Kenny’s Farmhouse Cheese has aged well - Kentucky Farm Bureau

Kenny’s Farmhouse Cheese has aged well

Posted on Jun 11, 2013
For years, Kenny Mattingly was the only farmer in Kentucky making cheese from milk produced by his cows. Others are doing that now, but have a long way to go to match the success of Kenny’s Farmhouse Cheese.

Kenny and Beverly Mattingly at their market in Barren County.
Kenny and Beverly Mattingly at their market in Barren County.

The high quality of his farm-made cheese, coupled with his marketing successes, has made Kenny Mattingly a household name in Kentucky agriculture circles. To get an idea of how good his cheese is, all you need to know is that it is served at several of the finest restaurants in Kentucky, including the Oak Room at Louisville’s Seelbach Hotel, the Boone Tavern in Berea and the Beaumont Inn in Harrodsburg. Those are among dozens of restaurants throughout the state that serve Kenny’s Farmhouse Cheese.

One or more of the 31 varieties also can be found at various wineries, farm markets, liquor stores and supermarkets. A list of these locations and outlets in 12 other states can be found at the company website,

Kenny says he is “amazed” at how his business has grown since he decided in 1998 to use some of the milk from the family farm to make Gouda cheese using Old World handmade techniques. He got the idea during a trip to Europe to observe farming practices.

The Mattingly family has operated a dairy farm for many years in a remote section of Barren County, near the tiny community of Austin. Kenny’s son, Jared, now manages the farm and the milking herd of some 140 head. About half of their milk is used to produce about 110,000 pounds of cheese per year. Back in his first year (1998), Kenny made around 4,000 pounds at a small parlor in his market center. He now has a spanking new 5,000-square-foot facility at the rear of the market for processing and packaging. He has 10 employees in the cheese business and three farmworkers to help Jared with the crops and the dairy cows.

The company has marketing reps in Louisville and Nashville.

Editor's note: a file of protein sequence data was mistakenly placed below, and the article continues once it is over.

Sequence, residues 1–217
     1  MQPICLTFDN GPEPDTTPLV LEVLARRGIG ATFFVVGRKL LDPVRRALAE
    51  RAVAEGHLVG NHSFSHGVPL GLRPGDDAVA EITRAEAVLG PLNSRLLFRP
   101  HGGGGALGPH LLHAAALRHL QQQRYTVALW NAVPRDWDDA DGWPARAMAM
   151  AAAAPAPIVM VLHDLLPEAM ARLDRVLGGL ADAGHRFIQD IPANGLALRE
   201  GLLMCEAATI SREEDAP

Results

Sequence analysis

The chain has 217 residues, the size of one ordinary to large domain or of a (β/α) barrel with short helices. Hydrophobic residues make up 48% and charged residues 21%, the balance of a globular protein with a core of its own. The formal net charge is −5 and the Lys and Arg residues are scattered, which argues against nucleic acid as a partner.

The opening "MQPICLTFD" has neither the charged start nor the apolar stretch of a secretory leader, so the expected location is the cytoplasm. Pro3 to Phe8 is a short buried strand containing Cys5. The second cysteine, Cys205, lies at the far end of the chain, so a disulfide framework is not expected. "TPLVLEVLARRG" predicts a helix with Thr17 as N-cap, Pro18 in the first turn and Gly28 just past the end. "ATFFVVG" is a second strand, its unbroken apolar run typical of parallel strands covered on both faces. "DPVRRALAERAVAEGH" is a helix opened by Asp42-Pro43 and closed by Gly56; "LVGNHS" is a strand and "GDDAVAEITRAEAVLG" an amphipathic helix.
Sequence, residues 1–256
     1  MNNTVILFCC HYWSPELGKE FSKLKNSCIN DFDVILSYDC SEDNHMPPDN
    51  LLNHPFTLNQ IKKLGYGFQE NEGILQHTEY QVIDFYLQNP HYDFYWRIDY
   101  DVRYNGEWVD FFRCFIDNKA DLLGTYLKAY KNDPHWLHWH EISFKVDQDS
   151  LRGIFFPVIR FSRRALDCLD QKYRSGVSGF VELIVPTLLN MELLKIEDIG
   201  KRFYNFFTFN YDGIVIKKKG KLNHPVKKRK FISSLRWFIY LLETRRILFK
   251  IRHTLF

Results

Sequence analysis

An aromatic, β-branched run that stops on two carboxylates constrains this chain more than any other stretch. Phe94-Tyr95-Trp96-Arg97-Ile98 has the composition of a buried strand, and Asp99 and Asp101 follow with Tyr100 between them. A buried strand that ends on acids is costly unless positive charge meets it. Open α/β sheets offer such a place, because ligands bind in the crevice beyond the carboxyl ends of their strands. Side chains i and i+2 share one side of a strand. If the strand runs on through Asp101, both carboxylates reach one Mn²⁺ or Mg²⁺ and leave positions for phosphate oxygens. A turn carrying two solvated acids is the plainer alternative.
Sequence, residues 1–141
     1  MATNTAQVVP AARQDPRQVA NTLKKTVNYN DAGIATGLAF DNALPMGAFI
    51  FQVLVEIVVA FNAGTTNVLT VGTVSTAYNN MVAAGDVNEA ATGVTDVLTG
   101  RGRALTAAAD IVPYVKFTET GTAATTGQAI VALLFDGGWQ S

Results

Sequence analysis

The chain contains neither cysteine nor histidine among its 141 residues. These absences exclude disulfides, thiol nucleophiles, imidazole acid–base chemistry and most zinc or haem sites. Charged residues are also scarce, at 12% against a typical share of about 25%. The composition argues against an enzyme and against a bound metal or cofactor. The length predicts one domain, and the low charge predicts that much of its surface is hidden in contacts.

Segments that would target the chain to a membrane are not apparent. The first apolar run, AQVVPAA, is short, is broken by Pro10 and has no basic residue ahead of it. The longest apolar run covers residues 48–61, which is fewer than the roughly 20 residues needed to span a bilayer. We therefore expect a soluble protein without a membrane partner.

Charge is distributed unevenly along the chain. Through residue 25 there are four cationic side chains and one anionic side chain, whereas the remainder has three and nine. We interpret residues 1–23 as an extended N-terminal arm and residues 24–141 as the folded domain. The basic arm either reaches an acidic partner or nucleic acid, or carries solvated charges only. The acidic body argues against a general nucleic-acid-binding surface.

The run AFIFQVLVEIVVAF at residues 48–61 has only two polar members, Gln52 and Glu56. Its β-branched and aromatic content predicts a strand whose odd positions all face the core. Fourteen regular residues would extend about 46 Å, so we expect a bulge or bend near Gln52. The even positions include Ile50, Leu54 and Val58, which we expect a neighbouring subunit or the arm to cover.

“The Nashville market has really grown,” said Kenny. As for Kentucky, he has a hard time keeping up with all the locales. “We’re probably in a lot of restaurants that we’re not aware of because we have a distributor that handles that,” he added.

Kenny and his wife, Beverly, are very proud of what they’ve accomplished at their modest 200-acre farm and farm market. They have won numerous awards and received a good deal of attention from the media and the agricultural community. They’re also a participant in KFB’s Certified Roadside Farm Market program.

The key, says Kenny, “is we strive for that artisan, hand-crafted niche.”

The result is a premium product which sells at premium pricing.

The most popular cheeses are white cheddar, gouda, swiss and asiago. Among the “flavored” varieties, garlic paprika and tomato basil cheddar are most popular. The list of 31 products also has cheddar horseradish, Colby chipotle, havarte garden herb, smoked gouda. monterrey jack jalapeno and monterrey chive onion.

There’s an exciting new development for the Mattinglys: Jared and his wife, Ashton, have established a vineyard and plan to open a farm winery later this year. There will be a tasting room at the farm market and eventually, a picnic area for patrons to enjoy wine and cheese.

“That’s obviously a perfect match,” Kenny said.

Tagged Post Topics Include: Ashton Mattingly, Barron County, Beaumont Inn, Beverly Mattingly, Boone Tavern, Jared Mattingly, Kenny Mattingly, Kenny's Farmhouse Cheese, KFB Certified Roadside Market Program, Louisville’s Seelbach Hotel, Nashville


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